Action Line: Debt collection by phone has rules
BY PHIL MULKINS World Action Line Editor
Sunday, December 09, 2012
12/09/12 at 4:35 AM
Dear Action Line: What kind of scam is going on with these calls where they mention a name then tell you to hang up if you are not this person? Do you know who is making these calls? What do they do if you don't hang up but instead stay on the line for the whole message? Do they give a phone number or any information you might use to get off their call list? - M.M., Broken Arrow.
This sounds like the freewheeling approach of a debt collection outfit. They already have your name and number - probably off some old collection file that no longer applies to you that they bought to trick you into paying - and they want to confirm they have the right person at the right phone number.
FDCPA: The federal Fair Debt Collection Practices Act - see an FTC summary at tulsaworld.com/ftccollectors - generally prohibits the use of deception by debt collectors. But this is probably not "misrepresentation" but "deceit by omission" that is not prohibited by the act. The caller just wants you to admit you are the person he is looking for so he can begin bugging you night and day for that $200 you stopped owing 10 years ago.
Last contact: If a collector contacts you about a debt, you should talk to him at least once to see if you can resolve the matter - even if you don't think you owe the debt, can't repay it immediately or think the collector is contacting you by mistake. When you decide you don't want the collector contacting you again, tell him this in writing.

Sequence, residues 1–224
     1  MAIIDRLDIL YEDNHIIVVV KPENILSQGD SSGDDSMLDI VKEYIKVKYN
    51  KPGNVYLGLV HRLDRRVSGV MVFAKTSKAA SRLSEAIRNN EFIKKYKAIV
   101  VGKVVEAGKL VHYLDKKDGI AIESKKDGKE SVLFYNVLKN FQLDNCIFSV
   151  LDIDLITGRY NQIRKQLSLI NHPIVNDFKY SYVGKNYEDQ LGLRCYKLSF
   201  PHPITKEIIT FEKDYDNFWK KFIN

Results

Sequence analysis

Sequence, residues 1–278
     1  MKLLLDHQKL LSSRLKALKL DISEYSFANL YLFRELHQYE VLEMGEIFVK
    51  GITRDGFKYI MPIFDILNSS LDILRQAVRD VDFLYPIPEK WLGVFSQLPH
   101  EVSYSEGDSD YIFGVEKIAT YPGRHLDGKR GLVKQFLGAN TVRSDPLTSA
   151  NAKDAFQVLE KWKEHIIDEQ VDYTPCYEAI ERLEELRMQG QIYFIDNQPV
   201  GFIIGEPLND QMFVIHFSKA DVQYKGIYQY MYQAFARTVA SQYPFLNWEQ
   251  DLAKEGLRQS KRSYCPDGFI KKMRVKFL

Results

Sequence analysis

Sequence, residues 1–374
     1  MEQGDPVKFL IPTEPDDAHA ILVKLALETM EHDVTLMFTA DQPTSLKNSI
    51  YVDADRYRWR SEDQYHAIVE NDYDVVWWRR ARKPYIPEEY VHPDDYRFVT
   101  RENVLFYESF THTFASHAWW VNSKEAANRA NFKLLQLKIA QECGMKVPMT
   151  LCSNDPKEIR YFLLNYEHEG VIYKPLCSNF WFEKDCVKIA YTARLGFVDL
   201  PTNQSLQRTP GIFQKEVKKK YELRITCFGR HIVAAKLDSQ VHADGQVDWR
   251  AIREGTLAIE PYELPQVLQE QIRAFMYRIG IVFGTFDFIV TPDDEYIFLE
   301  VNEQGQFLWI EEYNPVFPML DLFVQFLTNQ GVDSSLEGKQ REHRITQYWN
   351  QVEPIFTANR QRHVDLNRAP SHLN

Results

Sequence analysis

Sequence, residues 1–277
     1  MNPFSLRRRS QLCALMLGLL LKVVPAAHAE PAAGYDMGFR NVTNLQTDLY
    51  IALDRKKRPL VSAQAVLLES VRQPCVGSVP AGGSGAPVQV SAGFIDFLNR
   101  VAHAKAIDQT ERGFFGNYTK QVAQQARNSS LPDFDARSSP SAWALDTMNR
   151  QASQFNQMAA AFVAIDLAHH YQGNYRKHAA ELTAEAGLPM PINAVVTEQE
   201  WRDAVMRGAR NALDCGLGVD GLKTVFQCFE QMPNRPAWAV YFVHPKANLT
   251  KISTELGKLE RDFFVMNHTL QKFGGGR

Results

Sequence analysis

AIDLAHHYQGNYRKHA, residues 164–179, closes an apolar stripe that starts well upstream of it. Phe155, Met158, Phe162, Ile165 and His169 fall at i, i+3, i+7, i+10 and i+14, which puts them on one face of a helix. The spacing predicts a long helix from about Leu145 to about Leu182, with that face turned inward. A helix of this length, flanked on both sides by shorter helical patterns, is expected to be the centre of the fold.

Certified letter: Write a letter demanding proof of the debt. If none is available, demand the collector cease further contact. Copy your letter and send the original by certified mail, "return receipt requested," to document the collector received your letter.
Once he receives it, he may not contact you again - except with two exceptions: the collector may contact you to tell you there will be no further contact or to tell you the creditor will take specific action such as a lawsuit. Sending the letter to the collector does not void the debt, but just stops contact. The creditor or collector still can sue you to collect the debt.
Continued contact: If an attorney is representing you about the debt, the debt collector must contact the attorney, not you. If you don't have an attorney, a collector may contact other people - but only to find out your address, your home phone number and where you work. Collectors are prohibited from contacting third parties more than once. Other than to obtain this location information about you, a debt collector is not permitted to discuss your debt with anyone other than you, your spouse or your attorney.
Debt verification: Collectors must send you a written validation notice of the amount owed within five days of contacting you. This also must include the name of the creditor to whom you owe the money and how to proceed if you don't think you owe the money.
Original Print Headline: Debt collection has rules
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